Record Display for the EPA National Library Catalog


OLS Field Name OLS Field Data
Main Title A regulatory strategy for siting and operating waste transfer stations : a response to a recurring environmental justice circumstance : the siting of waste transfer stations in low-income communities and communities of color /
CORP Author National Environmental Justice Advisory Council, Washington, DC.
Publisher United States Environmental Protection Agency,
Year Published 2000
Report Number EPA 500-R-00-001
Stock Number PB2006-108478
OCLC Number 47520883
Subjects Environmental justice--United States. ; Refuse and refuse disposal.
Additional Subjects Regulatory strategies ; Waste disposal ; Waste transfer stations ; Siting ; Operations ; Minority groups ; Low income groups ; Training ; Recommendations ; Implementation ; Priorities ; Community feedback ; Government perspective ; Waste trade ; Facilities ; Waste reduction ; Environmental justice
Internet Access
Description Access URL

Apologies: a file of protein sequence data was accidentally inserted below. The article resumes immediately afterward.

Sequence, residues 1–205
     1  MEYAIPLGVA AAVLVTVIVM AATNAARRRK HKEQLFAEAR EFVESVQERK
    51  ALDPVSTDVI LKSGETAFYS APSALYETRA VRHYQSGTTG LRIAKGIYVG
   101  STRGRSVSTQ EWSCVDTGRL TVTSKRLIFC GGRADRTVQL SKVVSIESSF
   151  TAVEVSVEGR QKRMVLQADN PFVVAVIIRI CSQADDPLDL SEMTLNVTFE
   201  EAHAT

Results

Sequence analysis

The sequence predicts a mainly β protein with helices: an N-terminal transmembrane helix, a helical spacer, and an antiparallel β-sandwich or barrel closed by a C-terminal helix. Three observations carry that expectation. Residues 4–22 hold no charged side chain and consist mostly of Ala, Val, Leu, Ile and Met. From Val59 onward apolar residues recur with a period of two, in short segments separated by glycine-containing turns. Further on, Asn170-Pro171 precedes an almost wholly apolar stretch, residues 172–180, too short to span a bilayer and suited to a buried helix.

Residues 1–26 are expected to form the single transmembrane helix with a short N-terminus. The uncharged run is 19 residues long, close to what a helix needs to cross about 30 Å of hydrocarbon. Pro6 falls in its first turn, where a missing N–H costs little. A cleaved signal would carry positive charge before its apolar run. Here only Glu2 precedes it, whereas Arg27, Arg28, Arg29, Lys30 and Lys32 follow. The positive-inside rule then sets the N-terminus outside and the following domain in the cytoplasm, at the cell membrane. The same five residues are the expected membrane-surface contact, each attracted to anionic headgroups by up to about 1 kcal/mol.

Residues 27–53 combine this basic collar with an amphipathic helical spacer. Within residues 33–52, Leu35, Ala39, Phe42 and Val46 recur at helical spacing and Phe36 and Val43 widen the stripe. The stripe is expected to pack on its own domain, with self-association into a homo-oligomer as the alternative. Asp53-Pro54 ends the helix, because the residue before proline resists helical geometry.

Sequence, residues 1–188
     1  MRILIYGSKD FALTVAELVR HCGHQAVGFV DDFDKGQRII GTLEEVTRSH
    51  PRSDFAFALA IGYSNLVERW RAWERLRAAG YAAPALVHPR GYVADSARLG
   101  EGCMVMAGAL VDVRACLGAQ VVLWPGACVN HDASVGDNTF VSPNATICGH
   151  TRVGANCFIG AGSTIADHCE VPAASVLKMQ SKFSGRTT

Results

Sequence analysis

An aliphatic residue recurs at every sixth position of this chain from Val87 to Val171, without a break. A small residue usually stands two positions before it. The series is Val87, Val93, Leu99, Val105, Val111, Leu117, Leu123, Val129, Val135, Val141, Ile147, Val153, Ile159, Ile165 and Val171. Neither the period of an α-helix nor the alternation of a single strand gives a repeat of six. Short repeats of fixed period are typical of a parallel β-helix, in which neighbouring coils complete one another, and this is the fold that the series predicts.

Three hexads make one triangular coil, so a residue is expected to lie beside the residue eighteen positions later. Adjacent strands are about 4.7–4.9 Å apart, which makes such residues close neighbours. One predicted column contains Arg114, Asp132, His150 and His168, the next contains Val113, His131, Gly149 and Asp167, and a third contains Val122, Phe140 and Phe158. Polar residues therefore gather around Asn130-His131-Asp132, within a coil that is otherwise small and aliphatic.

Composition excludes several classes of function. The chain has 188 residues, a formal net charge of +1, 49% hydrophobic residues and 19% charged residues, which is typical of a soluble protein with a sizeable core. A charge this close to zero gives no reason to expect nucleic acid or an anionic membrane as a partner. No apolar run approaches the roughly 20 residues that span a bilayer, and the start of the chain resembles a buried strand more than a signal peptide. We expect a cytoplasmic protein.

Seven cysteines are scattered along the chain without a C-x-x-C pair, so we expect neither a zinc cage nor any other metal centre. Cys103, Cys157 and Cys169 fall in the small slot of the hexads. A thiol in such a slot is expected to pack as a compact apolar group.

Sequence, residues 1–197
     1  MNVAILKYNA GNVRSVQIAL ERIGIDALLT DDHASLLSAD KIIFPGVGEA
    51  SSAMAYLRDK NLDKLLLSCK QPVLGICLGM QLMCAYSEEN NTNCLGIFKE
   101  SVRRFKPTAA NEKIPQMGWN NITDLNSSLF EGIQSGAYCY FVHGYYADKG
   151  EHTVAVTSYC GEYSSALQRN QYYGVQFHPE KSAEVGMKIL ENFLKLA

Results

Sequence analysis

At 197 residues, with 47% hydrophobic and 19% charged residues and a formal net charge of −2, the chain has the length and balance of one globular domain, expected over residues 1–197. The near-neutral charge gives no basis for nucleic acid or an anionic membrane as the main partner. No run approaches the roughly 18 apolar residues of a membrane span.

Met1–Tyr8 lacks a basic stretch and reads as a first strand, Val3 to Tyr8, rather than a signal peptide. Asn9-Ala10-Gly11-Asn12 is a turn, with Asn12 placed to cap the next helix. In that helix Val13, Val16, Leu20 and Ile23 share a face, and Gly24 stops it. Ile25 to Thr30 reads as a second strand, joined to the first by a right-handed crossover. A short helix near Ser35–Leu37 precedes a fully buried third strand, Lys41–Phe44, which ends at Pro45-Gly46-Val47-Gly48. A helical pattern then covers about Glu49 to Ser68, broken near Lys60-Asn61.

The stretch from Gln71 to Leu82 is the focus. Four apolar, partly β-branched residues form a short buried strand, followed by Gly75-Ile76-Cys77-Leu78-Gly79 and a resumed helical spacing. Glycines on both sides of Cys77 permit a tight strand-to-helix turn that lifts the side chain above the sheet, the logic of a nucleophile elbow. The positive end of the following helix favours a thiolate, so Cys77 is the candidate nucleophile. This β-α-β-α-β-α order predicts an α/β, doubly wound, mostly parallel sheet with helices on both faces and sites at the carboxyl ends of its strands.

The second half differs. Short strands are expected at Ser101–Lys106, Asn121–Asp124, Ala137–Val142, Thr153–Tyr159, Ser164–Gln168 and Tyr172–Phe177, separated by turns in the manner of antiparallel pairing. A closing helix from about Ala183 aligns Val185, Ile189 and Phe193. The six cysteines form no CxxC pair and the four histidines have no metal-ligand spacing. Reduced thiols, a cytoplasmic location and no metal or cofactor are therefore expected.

Library Call Number Additional Info Location Last
EJBD ARCHIVE EPA 500-R-00-001 Headquarters Library/Washington,DC 06/19/2019
EJBD  EPA 500-R-00-001 Headquarters Library/Washington,DC 07/27/2001
NTIS  PB2006-108478 Most EPA libraries have a fiche copy filed under the call number shown. Check with individual libraries about paper copy. 04/04/2019
Collation 63 p. : ill. ; 29 cm.
The National Environmental Justice Advisory Council (NEJAC) is a Federal Advisory Committee established in 1993 to provide independent advice, consultation, and recommendations to the U.S. Environmental Protection Agency (EPA) on matters related to environmental justice. NEJAC has established six subcommittees which address various issues corresponding to EPA's areas of authority, responsibility, and structure. Among the subcommittees is the Waste and Facility Siting Subcommittee. NEJAC and its subcommittees meet semiannually to plan their activities and address pressing issues raised by the public. During the December 1997 NEJAC meeting in Durham, North Carolina, the closing of New York City's Fresh Kills Landfill and the proliferation of waste transfer stations (WTSs) in low-income communities and communities of color in Brooklyn and the Bronx were raised to the Waste and Facility Siting Subcommittee. WTSs are facilities where municipal waste is unloaded from collection vehicles and subsequently re-loaded onto larger transport vehicles to be taken to a disposal site. Most of the waste comes from outside the communities that are home to the WTSs and, in part, from outside the local municipality. WTSs are part of regional waste streams and serve the economic needs of the region and the waste industry.
"EPA 500-R-00-001" "March 2000."